May 202018

I will be chairing DATE track E3 on Model-Based Design, Verification and Security for Embedded Systems.

Todd Austin at the University of Michigan will co-chair the track.

The general call for papers to DATE 2019 is available here.

DATE 2019 will be held on March 25 – 29, 2019, in the marvelous Firenze, Italy.

More details to be announced soon. Below is the track description.

Verification techniques for embedded and cyber-physical systems ranging from simulation, testing, model-checking, SAT and SMT-based reasoning, compositional analysis and analytical methods. Modeling, analysis and optimization of non-functional and performance aspects such as security, timing, memory usage, QoS and reliability. Model-based design of software architectures and deployment. Theories, languages and tools supporting model-based design flows covering software, control and physical components. Monitoring and run-time verification of embedded systems.

Apr 052018

VORTEX 2018, ECOOP and ISSTA, Amsterdam, July 16-21, 2018


Runtime verification (RV) is an approach to software verification concerned with monitoring and analysis of software and hardware under execution. Recently, RV has gained more traction as an effective and promising approach to ensure software reliability, bridging a gap between formal verification and conventional testing; monitoring a system at runtime offers additional opportunities for addressing error recovery, self-adaptation, and other issues that go beyond software reliability. The goal of VORTEX is to bring together researchers working on runtime verification for topics covering either theoretical, or practical aspects, or, preferably, both, with emphasis on object-oriented languages, and systems.

Topics of interest include, but are not limited to, the following ones:

* behavioural types for RV
* combination of static and dynamic analyses
* industrial applications
* language support for RV
* monitor construction and synthesis techniques
* monitoring concurrent/distributed systems
* monitoring oriented programming
* program adaptation
* runtime enforcement, fault detection, recovery and repair
* RV for safety and security
* RV for the Internet of Things
* specification formalisms and formal underpinning of RV
* specification mining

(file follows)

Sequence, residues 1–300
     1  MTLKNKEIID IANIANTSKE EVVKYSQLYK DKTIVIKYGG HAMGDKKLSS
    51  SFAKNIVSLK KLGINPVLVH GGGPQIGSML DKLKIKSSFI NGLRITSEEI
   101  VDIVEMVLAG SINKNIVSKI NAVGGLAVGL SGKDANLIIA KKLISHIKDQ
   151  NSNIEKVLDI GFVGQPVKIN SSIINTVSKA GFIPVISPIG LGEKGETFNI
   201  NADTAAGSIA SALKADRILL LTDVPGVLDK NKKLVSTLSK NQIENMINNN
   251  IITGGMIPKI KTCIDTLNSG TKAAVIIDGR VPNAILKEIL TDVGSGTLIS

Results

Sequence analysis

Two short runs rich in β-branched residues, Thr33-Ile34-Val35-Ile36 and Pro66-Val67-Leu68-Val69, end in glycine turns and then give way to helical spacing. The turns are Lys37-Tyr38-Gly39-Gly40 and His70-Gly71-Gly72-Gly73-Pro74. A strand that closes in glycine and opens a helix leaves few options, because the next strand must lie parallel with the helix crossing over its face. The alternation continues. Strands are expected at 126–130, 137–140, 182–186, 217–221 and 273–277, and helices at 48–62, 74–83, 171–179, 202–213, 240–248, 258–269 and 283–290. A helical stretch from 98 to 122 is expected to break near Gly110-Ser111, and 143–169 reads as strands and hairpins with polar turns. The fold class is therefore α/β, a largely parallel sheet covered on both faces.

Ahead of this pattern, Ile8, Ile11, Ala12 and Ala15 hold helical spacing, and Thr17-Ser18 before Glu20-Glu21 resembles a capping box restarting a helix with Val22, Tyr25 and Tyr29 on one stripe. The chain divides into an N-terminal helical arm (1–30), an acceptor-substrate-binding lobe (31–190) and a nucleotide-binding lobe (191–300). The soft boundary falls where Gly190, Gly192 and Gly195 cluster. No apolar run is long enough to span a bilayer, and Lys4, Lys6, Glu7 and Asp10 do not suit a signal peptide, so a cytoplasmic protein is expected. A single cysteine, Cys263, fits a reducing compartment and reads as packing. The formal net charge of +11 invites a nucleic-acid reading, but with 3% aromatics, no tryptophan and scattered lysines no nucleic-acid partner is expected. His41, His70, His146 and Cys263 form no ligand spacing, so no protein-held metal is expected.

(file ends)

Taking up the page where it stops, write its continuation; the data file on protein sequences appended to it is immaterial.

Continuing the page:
* tool development

Contributions will be formally reviewed by at least three reviewers, and selection will be based on originality, relevance, technical accuracy, and the potential to generate interesting discussions.

Important Dates

Paper submission: May 16, 2018 23:59 AoE (UTC-12h)
Notification: June 14, 2018

Submission Instructions

Submissions must be unpublished work, in English, formatted in PDF with acmart sigplan style (, and are allowed to be position papers or surveys (max 6 pages), short papers (max 3 pages) presenting preliminary ongoing scientific work, or long papers (max 6 pages) providing more consolidated research contributions.

Papers must be submitted electronically via EasyChair at .

Proceedings and Special Issue

Accepted papers will, upon agreement by the authors, be published in the ACM Digital Library. Depending on the quality of submissions, authors of selected papers will be invited after the workshop to submit an extended version for a special issue hosted by a prime journal in the field.

Program Committee

– Davide Ancona, University of Genova, Italy (co-chair)
– Gordon Pace, University of Malta, Malta (co-chair)

– Wolfgang Ahrendt, Chalmers University of Technology, Sweden
– Cyrille Artho, KTH Royal Institute of Technology, Sweden
– Ezio Bartocci, Technische Universität Wien, Austria
– Borzoo Bonakdarpour, Iowa State University, USA
– Ylies Falcone, Univ. Grenoble Alpes, Inria, France
– Klaus Havelund, NASA/Caltech Jet Propulsion Laboratory, USA
– Reiner Hahnle, Technical University of Darmstadt, Germany
– Jean-Baptiste Jeannin, Carnegie Mellon University, USA
– Martin Leucker, University of Lubeck, Germany
– Rumyana Neykova, Imperial College London, UK
– Luca Padovani, University of Turin, Italy
– Antonio Ravara, New University of Lisbon, Portugal
– Giles Reger, University of Manchester, UK
– Gerardo Schneider, University of Gothenburg, Sweden
– Volker Stolz, Hogskulen pa Vestlandet, Norway
– Cesar Sanchez, IMDEA Software Institute, Spain